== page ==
This chapter describes what ML is and which tasks can be solved with ML, and discusses different approaches used in ML. It aims to show the minimally required math to start implementing ML algorithms. It also covers how to perform basic linear algebra operations in libraries such as Eigen, xtensor, Shark-ML, Shogun, and Dlib, and also explains the linear regression task as an example.

The following topics will be covered in this chapter:

  • Understanding the fundamentals of ML
  • An overview of linear algebra
  • An overview of a linear regression example

Understanding the fundamentals of ML

There are different approaches to create and train ML models. In this section, we show what these approaches are and how they differ. Apart from the approach we use to create a ML model, there are also parameters that manage how this model behaves in the training and evaluation processes. Model parameters can be divided into two distinct groups, which should be configured in different ways. The last crucial part of the ML process is a technique that we use to train a model. Usually, the training technique uses some numerical optimization algorithm that finds the minimal value of a target function. In ML, the target function is usually called a loss function and is used for penalizing the training algorithm when it makes errors. We discuss these concepts more precisely in the following sections.

Venturing into the techniques of ML

We can divide ML approaches into two techniques, as follows:

  • Supervised learning is an approach based on the use of labeled data. Labeled data is a set of known data samples with corresponding known target outputs. Such a kind of data is used to build a model that can predict future outputs.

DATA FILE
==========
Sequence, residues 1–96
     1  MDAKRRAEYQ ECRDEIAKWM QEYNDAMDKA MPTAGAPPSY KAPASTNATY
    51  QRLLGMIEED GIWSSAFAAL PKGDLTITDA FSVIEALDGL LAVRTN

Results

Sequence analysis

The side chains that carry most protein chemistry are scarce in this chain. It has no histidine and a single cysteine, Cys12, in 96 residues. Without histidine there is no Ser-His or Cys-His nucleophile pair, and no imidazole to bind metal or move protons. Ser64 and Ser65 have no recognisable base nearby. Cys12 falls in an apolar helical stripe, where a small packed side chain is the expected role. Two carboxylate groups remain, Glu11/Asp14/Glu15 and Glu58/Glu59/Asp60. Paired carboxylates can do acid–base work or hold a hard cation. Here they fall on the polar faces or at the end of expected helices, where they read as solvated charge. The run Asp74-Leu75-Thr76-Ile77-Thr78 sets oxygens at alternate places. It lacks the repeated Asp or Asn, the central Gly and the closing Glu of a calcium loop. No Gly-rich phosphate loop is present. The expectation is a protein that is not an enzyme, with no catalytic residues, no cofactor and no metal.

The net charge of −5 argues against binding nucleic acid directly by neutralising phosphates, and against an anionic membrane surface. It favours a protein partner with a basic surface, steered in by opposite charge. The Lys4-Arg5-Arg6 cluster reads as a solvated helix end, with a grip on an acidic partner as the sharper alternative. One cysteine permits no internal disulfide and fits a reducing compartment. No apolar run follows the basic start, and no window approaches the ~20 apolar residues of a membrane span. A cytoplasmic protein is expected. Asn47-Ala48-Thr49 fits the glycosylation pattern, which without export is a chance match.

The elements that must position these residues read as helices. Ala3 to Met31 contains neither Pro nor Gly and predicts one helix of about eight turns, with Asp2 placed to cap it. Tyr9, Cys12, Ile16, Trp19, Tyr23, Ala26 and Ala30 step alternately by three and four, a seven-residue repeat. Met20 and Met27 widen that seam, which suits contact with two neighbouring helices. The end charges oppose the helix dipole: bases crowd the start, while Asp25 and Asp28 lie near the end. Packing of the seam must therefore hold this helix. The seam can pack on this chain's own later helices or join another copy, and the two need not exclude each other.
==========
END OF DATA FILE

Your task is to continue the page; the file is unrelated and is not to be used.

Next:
• Unsupervised learning is an approach that does not require labeled data and can search hidden patterns and structures in an arbitrary kind of data.

Let's have a look at each of the techniques in detail.

Supervised learning

Supervised ML algorithms usually take a limited set of labeled data and build models that can make reasonable predictions for new data. We can split supervised learning algorithms into two main parts, classification and regression techniques, described as follows:

  • Classification models predict some finite and distinct types of categories—this could be a label that identifies if an email is spam or not, or whether an image contains a human face or not. Classification models are applied in speech and text recognition, object identification on images, credit scoring, and others. Typical algorithms for creating classification models are Support Vector Machine (SVM), decision tree approaches, k-nearest neighbors (KNN), logistic regression, Naive Bayes, and neural networks. The following chapters describe the details of some of these algorithms.
  • Regression models predict continuous responses such as changes in temperature or values of currency exchange rates. Regression models are applied in algorithmic trading, forecasting of electricity load, revenue prediction, and others. Creating a regression model usually makes sense if the output of the given labeled data is real numbers. Typical algorithms for creating regression models are linear and multivariate regressions, polynomial regression models, and stepwise regressions. We can use decision tree techniques and neural networks to create regression models too. The following chapters describe the details of some of these algorithms.

Unsupervised learning

Unsupervised learning algorithms do not use labeled datasets. They create models that use intrinsic relations in data to find hidden patterns that they can use for making predictions. The most well-known unsupervised learning technique is clustering. Clustering involves dividing a given set of data in a limited number of groups according to some intrinsic properties of data items. Clustering is applied in market researches, different types of exploratory analysis, deoxyribonucleic acid (DNA) analysis, image segmentation, and object detection. Typical algorithms for creating models for performing clustering are k-means, k-medoids, Gaussian mixture models, hierarchical clustering, and hidden Markov models. Some of these algorithms are explained in the following chapters of this book.